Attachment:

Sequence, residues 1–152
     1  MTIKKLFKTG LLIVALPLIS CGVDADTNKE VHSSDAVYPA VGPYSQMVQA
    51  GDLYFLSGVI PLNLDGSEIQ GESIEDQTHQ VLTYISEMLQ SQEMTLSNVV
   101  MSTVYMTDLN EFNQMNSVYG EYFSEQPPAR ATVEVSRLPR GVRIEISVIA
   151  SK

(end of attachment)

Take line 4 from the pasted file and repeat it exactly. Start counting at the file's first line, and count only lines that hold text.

   101  MSTVYMTDLN EFNQMNSVYG EYFSEQPPAR ATVEVSRLPR GVRIEISVIA